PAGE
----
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  1. #16
    hilltop Guest
    My bad.

    I'll try this again.

    Question 1: If a person wins their case for defamation of character will the reward be reduced because they were working during that time to support their family?

    Here's the scenario:

    She was a VP in sales. Her lawyer has told her to continue looking for employment at or near the level she once held. As instructed she has done so and has been rejected time and time again. In fact, one head hunter said because of and article that appeared in a large metropolitan area she would have a hard time finding a position at her level because it painted her in a very negative light.

    She also stated that her lawyer told her NOT to go and get just any job. He told her that if she were to take a position at a level below the VP level it would jeopardize her case.

    I told her that this was crazy because I find it hard to believe that if you were once a VP or even the CEO and now you're now working at a minimum wage job or better, I would think that this would help prove your case rather than hurt it.

    Thanks
  2. #17
    hexeliebe Guest
    If a person wins their case for defamation of character will the reward be reduced because they were working during that time to support their family?
    And award for defamation of character, like libel and slander (all similar but legally separate and distinct) is based on measurable damages.

    For example, if your 'friend' finds a job within a week or two of the defamation, at or near her previous salary, then her likelyhood of proving she was 'damaged' diminishes.

    However, if she has been looking for a job for six months to a year and the only thing she can find that will accept her is flipping burgers at McDonald's, then taking the job will not diminish her damages but likely build a stronger case.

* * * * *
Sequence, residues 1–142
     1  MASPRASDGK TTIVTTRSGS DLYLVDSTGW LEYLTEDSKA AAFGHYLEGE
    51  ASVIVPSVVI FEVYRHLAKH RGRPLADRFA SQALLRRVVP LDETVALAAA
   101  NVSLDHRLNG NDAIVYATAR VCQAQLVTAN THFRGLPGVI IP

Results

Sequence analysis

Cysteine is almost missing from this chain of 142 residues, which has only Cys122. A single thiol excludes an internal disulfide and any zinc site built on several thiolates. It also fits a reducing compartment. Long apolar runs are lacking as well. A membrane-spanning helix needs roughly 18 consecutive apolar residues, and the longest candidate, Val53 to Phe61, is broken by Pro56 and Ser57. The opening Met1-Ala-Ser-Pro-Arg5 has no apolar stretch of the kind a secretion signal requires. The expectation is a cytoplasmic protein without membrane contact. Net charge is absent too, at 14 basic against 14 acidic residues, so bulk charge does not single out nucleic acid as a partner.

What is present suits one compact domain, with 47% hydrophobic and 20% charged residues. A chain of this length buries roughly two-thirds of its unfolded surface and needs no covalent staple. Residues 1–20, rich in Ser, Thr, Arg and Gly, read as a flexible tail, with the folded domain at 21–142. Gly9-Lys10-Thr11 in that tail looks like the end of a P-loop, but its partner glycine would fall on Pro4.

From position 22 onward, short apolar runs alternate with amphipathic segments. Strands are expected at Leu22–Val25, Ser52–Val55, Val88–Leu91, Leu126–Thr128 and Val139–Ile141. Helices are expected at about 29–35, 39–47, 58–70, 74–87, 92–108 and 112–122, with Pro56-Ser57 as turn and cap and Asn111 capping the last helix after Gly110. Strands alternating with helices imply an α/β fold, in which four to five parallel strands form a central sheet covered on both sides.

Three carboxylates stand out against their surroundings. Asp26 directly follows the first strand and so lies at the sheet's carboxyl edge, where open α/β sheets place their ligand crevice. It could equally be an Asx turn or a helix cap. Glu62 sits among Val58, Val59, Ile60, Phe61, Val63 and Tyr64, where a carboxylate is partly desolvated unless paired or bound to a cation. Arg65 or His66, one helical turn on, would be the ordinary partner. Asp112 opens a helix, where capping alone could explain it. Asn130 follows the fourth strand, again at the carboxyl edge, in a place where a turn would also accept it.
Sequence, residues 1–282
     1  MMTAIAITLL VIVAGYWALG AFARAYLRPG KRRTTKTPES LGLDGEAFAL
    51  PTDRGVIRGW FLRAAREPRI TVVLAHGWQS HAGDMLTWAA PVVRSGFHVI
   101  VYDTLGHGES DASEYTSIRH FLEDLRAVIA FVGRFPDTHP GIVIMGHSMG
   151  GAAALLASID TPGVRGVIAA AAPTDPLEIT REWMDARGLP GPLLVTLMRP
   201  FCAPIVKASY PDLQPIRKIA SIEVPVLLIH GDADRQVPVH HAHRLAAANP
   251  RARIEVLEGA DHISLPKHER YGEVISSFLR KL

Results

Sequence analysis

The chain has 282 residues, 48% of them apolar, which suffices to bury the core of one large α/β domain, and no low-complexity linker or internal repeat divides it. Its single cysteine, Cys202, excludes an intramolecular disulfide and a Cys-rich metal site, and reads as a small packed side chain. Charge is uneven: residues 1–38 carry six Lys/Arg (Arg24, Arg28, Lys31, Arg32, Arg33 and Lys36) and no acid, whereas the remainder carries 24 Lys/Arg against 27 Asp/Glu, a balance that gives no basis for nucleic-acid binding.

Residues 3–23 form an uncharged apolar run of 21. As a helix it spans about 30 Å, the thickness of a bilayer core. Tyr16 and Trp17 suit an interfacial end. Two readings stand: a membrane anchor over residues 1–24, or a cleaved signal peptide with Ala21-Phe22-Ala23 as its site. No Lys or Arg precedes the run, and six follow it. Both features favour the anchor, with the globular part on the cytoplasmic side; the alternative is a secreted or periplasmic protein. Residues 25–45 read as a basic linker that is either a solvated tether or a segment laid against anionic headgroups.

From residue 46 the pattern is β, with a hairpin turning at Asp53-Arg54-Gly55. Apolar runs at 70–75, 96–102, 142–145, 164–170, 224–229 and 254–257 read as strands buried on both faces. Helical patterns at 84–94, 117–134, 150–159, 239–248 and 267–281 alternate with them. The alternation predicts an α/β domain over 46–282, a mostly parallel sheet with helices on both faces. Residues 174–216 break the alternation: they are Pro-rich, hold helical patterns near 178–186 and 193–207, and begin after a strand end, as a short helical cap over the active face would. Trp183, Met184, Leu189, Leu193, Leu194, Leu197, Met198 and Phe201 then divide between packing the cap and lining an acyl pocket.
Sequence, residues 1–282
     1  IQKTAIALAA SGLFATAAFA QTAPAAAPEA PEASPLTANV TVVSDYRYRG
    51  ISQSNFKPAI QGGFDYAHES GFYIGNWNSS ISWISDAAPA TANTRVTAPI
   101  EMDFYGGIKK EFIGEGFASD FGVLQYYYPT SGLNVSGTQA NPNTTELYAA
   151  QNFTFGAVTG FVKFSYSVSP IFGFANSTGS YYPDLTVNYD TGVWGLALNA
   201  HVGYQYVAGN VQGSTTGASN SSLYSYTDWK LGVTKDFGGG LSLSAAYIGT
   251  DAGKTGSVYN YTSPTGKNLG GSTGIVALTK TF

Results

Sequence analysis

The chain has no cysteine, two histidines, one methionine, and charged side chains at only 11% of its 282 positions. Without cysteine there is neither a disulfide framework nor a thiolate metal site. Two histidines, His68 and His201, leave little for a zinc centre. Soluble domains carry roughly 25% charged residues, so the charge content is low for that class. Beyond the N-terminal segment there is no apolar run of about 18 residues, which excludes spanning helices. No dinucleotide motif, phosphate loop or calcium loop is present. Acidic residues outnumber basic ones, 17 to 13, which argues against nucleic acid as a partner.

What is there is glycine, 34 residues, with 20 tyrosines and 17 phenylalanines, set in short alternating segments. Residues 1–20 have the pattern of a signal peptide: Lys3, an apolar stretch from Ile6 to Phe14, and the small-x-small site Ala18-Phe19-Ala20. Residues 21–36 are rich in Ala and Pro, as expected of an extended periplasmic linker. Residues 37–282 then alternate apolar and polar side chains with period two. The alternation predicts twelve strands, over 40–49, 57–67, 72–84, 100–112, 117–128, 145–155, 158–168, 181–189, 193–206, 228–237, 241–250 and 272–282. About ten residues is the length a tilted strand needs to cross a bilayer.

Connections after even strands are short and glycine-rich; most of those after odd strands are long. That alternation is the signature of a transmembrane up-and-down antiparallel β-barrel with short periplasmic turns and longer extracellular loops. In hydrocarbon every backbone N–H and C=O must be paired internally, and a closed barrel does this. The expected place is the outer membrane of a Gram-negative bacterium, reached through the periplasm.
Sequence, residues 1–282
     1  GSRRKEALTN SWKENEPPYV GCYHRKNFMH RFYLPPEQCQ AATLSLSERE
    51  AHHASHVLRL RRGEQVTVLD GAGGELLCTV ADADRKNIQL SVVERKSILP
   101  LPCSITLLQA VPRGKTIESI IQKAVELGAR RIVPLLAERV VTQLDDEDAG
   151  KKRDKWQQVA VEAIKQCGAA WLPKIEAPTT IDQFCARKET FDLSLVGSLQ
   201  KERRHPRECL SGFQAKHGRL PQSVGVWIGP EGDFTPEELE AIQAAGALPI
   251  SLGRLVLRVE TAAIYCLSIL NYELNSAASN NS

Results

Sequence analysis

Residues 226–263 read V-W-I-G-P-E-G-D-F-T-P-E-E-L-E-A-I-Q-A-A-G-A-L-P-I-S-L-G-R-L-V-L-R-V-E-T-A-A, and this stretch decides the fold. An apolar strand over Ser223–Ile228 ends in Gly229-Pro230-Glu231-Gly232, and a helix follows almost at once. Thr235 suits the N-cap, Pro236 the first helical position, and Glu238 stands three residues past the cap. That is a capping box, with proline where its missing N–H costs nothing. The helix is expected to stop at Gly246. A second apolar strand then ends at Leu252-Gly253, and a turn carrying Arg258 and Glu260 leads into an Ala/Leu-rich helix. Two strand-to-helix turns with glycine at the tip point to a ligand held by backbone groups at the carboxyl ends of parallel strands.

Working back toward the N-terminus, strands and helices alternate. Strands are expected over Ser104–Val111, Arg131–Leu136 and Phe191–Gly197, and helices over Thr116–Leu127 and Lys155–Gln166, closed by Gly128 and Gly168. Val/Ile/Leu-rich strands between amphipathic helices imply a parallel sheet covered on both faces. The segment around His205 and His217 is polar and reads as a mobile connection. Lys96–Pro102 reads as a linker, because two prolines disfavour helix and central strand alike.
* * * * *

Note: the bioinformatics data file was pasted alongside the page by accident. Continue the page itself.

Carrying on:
HOWEVER, without proof that her inability to find a job in her field for which she is qualified is a DIRECT result of the defamation, then she cannot show that the defamation is directly responsible for the damage she has suffered and therefore cannot recover.

    She also stated that her lawyer told her NOT to go and get just any job. He told her that if she were to take a position at a level below the VP level it would jeopardize her case.
    Although I disagree as per the above, since she has an attorney I would strongly suggest she heed the advice. We don't know the judge, the climate in and around her area nor do we know the specifics of the case.

    I told her that this was crazy because I find it hard to believe that if you were once a VP or even the CEO and now you're now working at a minimum wage job or better, I would think that this would help prove your case rather than hurt it.
    There is no way to know that unless we have the case file before us, have studied it, have interviewed the principles and become familiar with every facett of this case.

    Generalities can't help at this point so as above, she should follow her attorney's advice, although it's a very dangerous game to be playing.
  3. #18
    hilltop Guest
    Thank you for the prompt response.

    Sincerely

    hilltop

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